4. Lightly sprinkle the bottom of the pastry with sugar. Gently toss the peaches again and then arrange them on the pastry, slightly overlapping, in concentric circles. Sprinkle them with several tablespoons of sugar (how much will depend on how naturally sweet the fruit is) and then lightly grate nutmeg over it. Bake in the center of the oven until the pastry is browned and the fruit is tender, and bubbly to the center, about 40-45 minutes. Remove it to a cooling rack and let it cool for at least 15 minutes before serving. Serve warm or at room temperature.


Note: To remove the tart from the pan for serving, set it on a large can (such as a 28-ounce can of tomatoes), lower and remove the ring, then carefully slide the tart from the bottom onto a platter or cutting board.


To glaze the tart, do it while still warm with the following glaze: Put a cup of strained apricot or red currant preserves in a saucepan and sprinkle it with 2 tablespoons of sugar. Melt it over medium heat, stir well, and bring it to a bubbling simmer, adjust the heat to a slow simmer, and simmer 3-5 minutes. Using a natural bristle or silicone pastry brush, paint the glaze over the entire surface of the tart while it's still warm.


Basic Pastry for Pies and Tarts


The above recipe uses only half the pastry. You can simply halve the recipe or if you bake often, lightly flour the unused portion, wrap it in plastic wrap, then put it in a zipper-locking storage bad and refrigerate it for up to 2-3 days.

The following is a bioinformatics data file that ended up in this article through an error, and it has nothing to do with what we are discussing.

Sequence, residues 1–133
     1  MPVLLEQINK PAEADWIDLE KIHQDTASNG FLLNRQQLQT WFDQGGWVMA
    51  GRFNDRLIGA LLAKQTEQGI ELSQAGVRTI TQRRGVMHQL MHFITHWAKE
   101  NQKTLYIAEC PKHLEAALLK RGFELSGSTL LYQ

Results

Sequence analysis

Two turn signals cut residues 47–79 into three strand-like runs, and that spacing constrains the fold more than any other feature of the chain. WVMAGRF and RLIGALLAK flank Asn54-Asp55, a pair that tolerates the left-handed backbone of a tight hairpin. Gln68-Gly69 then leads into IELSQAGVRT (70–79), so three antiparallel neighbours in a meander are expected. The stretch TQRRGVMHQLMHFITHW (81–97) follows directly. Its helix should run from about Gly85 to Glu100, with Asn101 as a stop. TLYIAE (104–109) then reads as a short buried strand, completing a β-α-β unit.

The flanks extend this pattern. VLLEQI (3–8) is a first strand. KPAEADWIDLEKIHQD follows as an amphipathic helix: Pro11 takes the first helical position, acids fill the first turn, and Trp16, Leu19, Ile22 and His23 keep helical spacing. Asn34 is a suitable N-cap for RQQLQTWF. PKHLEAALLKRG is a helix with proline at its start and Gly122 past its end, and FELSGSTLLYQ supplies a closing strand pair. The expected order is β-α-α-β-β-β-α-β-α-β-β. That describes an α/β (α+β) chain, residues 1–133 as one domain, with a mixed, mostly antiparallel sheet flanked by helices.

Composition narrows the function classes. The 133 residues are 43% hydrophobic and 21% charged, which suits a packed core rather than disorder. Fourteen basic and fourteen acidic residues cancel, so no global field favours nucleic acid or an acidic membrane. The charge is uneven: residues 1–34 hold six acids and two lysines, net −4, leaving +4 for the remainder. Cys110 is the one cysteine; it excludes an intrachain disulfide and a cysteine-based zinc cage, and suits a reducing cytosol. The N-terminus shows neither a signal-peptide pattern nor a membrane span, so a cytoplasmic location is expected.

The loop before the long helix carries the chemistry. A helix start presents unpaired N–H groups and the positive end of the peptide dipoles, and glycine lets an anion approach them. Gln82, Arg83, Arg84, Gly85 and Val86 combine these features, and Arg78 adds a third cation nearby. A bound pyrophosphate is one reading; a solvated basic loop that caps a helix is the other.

Makes 1 9-inch double-crusted pie or 2 open-faced 9-inch pie shells


10 ounces (about 2 cups) Southern soft-wheat flour or soft wheat pastry flour

½ teaspoon salt

4 ounces (8 tablespoons or 1 stick) chilled unsalted butter cut into small pieces

1 ounce (2 tablespoons) chilled lard cut into small pieces

½ cup ice water


1. To make the pastry by hand: Sift or whisk together the flour and salt in a large work bowl. Add the butter and lard, handling them as little as possible. Work them into the flour with a pastry blender or 2 knives, until it's the texture of raw grits or coarse cornmeal. Add 1/3 cup ice water and lightly stir it into the flour. Add more water by tablespoonfuls until the dough gathers into a clump, but is still loose and not sticky. Lightly dust the dough and your hands with flour and gather it into a ball. Wrap it with plastic wrap and refrigerate 30 minutes. Skip to step 3.


2. To make pastry in a food processor, chill the steel blade in the freezer for 5 minutes before using it. Fit the chilled blade into the processor and put in the flour and salt. Pulse a few times to sift, then add the butter and lard. Pulse until the flour reaches the raw grits/coarse meal stage. Add 1/3 cup of ice water and pulse again until it is mixed. Then add water in tablespoonfuls, pulsing to mix each addition in, until the dough just gathers into a rough ball. Wrap it in plastic wrap flatten it into a disk, and refrigerate for 30 minutes.


3. Lightly flour a cool, smooth work surface (marble, wood or plastic laminate) and roll out the pastry for use as directed in the individual recipe.


A portion of the recipe are adapted from Essentials of Southern Cooking, copyright © 2013 by Damon Lee Fowler, all rights reserved.



Post a comment